The Accra is a “fritay” (fritter) made with malanga that is crispy on the outside and soft on the inside. When seasoned just right, it is a pleasure for the mouth. A pleasure that is easy and quick to prepare.
In Haiti, you will find fritters in different “fritays” merchants, while in the countries of the diaspora, they are often cooked for Christian celebrations such as communions or confirmations.
What is the malanga:
The malanga is a root with a robust skin, but when stripped, its delicacy is revealed. The colour of its flesh is a soft pinkish, but it is not rare to find yellowish or beige as well.
Note that the malanga is not a uniform root, but whether it’s long, short, curved or straight, its taste doesn’t change.
When freshly grated malanga has a somewhat slippery texture, but once cooked, it is distinguished by its unique taste.
If you want to add to your malanga accra some cod, pickled herring, shrimp, pollock or other, simply add approximately 250 grams to the recipe below.
For my vegetarian friends, feel at ease to add vegetables of your choice such as crushed beans, pumpkin and others.
Best time to eat PS POUR MANGER L’ACCRA MALANGA
I remember, during my last stay in Haiti, shortly after sunset, I was very happy to walk in the small town of Gros-Mornes to find my favorite fritays merchants.
As always, I found my fritters and my other “fritays” and of course, my pikliz.
But what are exactly “fritays”?
In Haiti, what we call fritay are fried dishes such as:
The fried plantain (banane pezé), the accra, the marinade, the griot, fried chicken and other fried foods. The whole course is accompanied by pikliz.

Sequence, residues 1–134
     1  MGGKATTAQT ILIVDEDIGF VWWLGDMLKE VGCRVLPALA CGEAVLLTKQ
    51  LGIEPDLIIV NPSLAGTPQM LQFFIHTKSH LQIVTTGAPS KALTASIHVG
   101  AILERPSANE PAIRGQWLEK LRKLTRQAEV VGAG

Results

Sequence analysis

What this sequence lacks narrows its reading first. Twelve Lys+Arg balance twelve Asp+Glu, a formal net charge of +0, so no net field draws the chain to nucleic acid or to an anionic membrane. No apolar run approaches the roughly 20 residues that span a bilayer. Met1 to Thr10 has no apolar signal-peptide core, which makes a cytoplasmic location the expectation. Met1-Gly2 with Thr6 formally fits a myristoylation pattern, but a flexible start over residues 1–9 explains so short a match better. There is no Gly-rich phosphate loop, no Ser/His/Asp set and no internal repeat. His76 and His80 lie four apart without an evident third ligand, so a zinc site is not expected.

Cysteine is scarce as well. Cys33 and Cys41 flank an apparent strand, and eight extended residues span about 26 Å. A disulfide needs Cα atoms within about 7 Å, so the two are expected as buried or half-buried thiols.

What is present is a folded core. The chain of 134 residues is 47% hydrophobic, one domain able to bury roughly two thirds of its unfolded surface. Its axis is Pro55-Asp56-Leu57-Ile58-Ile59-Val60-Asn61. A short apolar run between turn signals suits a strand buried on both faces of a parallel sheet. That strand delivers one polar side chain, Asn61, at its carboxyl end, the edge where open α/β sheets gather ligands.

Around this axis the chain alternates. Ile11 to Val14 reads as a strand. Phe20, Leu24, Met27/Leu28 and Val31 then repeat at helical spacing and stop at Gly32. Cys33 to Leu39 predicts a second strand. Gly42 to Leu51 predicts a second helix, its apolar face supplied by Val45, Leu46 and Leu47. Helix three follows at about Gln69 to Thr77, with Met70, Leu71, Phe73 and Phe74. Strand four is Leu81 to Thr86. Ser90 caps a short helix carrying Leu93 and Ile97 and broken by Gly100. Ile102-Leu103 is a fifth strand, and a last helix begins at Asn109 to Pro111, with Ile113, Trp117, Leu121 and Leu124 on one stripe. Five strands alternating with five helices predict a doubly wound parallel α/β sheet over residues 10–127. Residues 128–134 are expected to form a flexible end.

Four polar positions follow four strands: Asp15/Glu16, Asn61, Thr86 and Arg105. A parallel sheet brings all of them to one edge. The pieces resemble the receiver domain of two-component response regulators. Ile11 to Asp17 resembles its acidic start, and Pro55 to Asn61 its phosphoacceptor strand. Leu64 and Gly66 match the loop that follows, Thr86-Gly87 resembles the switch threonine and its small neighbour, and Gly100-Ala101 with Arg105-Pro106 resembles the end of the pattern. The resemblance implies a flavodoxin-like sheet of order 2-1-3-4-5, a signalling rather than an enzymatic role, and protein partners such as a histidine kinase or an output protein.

To expand their product range and to offer more choices to their customers, fritays merchants also often sell beef tasso or goat, substituting for griot.
- 383 grams of Malanga (3-4 roots)
- 1-2 finely chopped chili pepper (scotch bonnet)
- 1 teaspoon of marinade(epis)
- 2 French shallots
- 1 small onion
- 1 teaspoon of mashed garlic
- 1 Maggi cube (optional)
- 1 egg (optional)
- 2 tablespoons of flour
- ½ teaspoon of baking soda
- 3 finely chopped parsley heads
- ¼ teaspoon of fresh thyme
- ½ teaspoon of salt
- pepper to taste
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- Start by peeling the malanga.
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- Once the skin removed, grate the malanga with the thin surface of your grater. In a large bowl, combine all the remaining ingredients and mix well.
- Set the mixture aside for approximately 1 hour (optional)
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- In a skillet, fill cooking oil almost enough to submerge the fritters. Using a spoon, craft elongated shaped bowls with the mixture and gently pushed them in the hot oil.
- When golden on a side, flip them and finish cooking the other side of the accra.
- When the accra is golden brown, remove and place in a dish with paper towels to absorb the excess of oil.
- Serve hot with pikliz.
An oil that is too hot will cook the outside of your accra quickly without letting the interior finish cooking.
The ideal oil temperature should be about 350 degrees.